New study from State Auditor’s Office argues for spending more on college majors likely to stay in the state and earn a good living
State Auditor Shad White released a report Wednesday, Sept 20 arguing for changing the way taxpayer money is spent at Mississippi’s public universities. The report highlights the degree programs whose graduates are most likely to stay in Mississippi or land a good-paying job versus the ones who are not.
“It’s part of my job as State Auditor to show you how your taxpayer money is spent and whether it’s being spent wisely. In this case, it is not,” said White.
The report states Mississippi taxpayers send public universities the same amount to educate both an electrical engineering major and an anthropology major, for example, but the return to the taxpayers is dramatically different for each major. Electrical engineering majors went on to earn more than $71,000 per year in their first jobs in Mississippi, while anthropology majors earned less than a third of that. Most anthropology majors also left the state, contributing nothing back to Mississippi’s economy at all.
The report is one of a series on brain drain and its cost to the taxpayers from White’s office. It notes that Mississippi has a severe labor shortage according to the U.S. Chamber of Commerce in some specific professions, like healthcare and business. White’s team argued taxpayer money should go to create more of those graduates and less graduates with degrees that are not as useful to Mississippi’s economy.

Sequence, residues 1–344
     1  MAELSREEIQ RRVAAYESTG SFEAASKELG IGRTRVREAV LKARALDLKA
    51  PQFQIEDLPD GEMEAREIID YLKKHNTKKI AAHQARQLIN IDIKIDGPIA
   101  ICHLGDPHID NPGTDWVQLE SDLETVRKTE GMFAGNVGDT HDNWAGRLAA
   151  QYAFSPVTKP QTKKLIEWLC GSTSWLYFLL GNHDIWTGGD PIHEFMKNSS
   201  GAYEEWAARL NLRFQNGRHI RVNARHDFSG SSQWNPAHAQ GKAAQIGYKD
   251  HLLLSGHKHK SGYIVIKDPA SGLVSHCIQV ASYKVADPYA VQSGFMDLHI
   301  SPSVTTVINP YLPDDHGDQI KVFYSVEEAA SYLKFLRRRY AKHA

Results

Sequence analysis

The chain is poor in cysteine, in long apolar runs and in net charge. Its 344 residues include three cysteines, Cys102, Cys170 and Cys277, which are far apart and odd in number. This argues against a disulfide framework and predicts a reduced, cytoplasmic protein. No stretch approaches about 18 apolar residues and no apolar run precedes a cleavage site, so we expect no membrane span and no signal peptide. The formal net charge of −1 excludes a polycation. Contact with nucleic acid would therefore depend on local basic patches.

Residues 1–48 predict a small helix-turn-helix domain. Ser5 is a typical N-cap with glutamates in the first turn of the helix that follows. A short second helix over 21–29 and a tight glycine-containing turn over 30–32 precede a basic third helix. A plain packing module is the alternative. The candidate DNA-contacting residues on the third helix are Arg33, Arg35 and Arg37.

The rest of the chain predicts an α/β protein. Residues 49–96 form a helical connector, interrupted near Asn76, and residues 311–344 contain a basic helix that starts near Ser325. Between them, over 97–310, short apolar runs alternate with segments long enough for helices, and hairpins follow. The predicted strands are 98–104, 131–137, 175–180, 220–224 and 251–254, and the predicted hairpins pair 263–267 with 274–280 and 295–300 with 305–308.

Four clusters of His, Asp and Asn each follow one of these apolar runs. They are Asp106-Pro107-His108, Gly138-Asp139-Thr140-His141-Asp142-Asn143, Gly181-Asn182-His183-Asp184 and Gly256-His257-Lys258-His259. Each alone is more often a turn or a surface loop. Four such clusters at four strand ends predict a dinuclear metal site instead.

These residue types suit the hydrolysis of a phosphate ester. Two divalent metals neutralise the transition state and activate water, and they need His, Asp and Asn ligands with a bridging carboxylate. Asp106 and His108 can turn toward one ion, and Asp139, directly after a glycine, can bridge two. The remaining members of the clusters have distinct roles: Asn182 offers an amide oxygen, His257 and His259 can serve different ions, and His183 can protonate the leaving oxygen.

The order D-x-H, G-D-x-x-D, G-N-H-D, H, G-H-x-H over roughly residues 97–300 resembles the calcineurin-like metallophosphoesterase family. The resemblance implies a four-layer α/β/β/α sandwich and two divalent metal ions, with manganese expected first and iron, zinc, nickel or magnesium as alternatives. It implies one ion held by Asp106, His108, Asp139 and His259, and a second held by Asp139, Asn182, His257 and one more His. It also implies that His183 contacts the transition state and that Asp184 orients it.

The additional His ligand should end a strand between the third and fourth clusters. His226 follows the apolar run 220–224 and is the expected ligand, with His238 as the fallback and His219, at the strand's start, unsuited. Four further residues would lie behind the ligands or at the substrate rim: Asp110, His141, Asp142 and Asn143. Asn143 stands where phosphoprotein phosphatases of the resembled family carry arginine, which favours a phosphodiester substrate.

“I’m not sure why a plumber who pays his taxes should have to finance a degree in gender studies in Mississippi,” said White. “Frankly, some of these programs seem like they exist just to warp the minds of young people.”
White also argued changing the way universities are funded would be better for students. “It’s more expensive for a university to hire a computer science professor than it is a sociology professor who’s an expert in stand-up comedy. The universities love it when kids go into the cheap programs. But the kids often take on debt and can’t get a job to repay the debt when they choose that kind of a major. We need to change universities’ incentives so they’ll nudge students into high-value majors.”
North Dakota, Texas, and other states are currently either considering or changing the way they fund universities to fit the needs of their workforce.
To read the full report, visit the Auditor’s website and search “majors” in the search bar.
Auditor White described this study in greater detail in an article called “Jimmy Buffet Didn’t Need a Music Degree” in The Wall Street Journal. The article can be found here.